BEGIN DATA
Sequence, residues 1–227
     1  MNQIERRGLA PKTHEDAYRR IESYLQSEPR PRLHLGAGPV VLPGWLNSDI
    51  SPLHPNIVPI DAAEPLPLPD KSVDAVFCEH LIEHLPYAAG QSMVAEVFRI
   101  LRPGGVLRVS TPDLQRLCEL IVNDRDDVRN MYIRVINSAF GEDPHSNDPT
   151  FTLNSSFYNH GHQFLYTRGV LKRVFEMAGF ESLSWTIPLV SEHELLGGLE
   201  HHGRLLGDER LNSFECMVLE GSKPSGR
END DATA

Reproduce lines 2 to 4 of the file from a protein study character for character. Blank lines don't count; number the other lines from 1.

     1  MNQIERRGLA PKTHEDAYRR IESYLQSEPR PRLHLGAGPV VLPGWLNSDI
    51  SPLHPNIVPI DAAEPLPLPD KSVDAVFCEH LIEHLPYAAG QSMVAEVFRI
   101  LRPGGVLRVS TPDLQRLCEL IVNDRDDVRN MYIRVINSAF GEDPHSNDPT